So, what are we all worried about? Sage’s survey identified increased National Insurance contributions, enterprise zones and bank lending as the key issues bugging small firms. The small business groups are calling for the business tax system to be simplified and red tape to be reduced - and tax and regulation are likely to be the hottest issues tomorrow.
The coalition government itself has promised the most “pro-enterprise” and “business-friendly” Budget in a generation. They’ve suggested that they’re going to ease employment law, cut red tape and reform the planning system, among other things.
But it remains to be seen whether the government can keep small businesses happy. Follow the Budget 2011 live on the Donuts and find out what happens.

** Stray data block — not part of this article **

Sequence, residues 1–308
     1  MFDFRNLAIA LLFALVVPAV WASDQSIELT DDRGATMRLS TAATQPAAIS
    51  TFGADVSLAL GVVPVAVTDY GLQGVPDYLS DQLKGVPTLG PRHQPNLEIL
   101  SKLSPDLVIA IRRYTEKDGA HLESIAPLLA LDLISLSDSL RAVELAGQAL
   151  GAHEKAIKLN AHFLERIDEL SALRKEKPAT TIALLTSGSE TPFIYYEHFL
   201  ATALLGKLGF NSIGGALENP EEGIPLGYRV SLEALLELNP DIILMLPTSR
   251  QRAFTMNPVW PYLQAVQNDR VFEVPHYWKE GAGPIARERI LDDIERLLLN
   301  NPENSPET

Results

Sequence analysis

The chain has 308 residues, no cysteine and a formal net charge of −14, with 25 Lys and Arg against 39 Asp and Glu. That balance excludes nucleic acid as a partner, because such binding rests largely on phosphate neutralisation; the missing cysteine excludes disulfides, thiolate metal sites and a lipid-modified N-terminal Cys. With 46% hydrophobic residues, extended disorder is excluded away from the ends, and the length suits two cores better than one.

In all my years as an advisor, I’ve seen businesses start up and fail more times than I would have liked. Here are a few common reasons why:
Stuart Hartley is senior consultant and manager of the Corby Enterprise Centre in Northants.
You’re a small start-up company with high ambitions but a tight budget, so how can you go about reaching that large, attentive audience you so desire? It’s simple— use email marketing.
Email marketing is a cost-effective, fast way to engage your customers and potential customers. Added to this, it delivers the highest return on investment over any e-marketing tactic available.
Being a small, new business, you might not have started on the path to creating and developing any lasting relationships with customers, which isn’t the end of the world, but it is something that email marketing can help you with. With each permission-based email campaign that you send and that your recipient opens, you are effectively establishing a trusting relationship with them.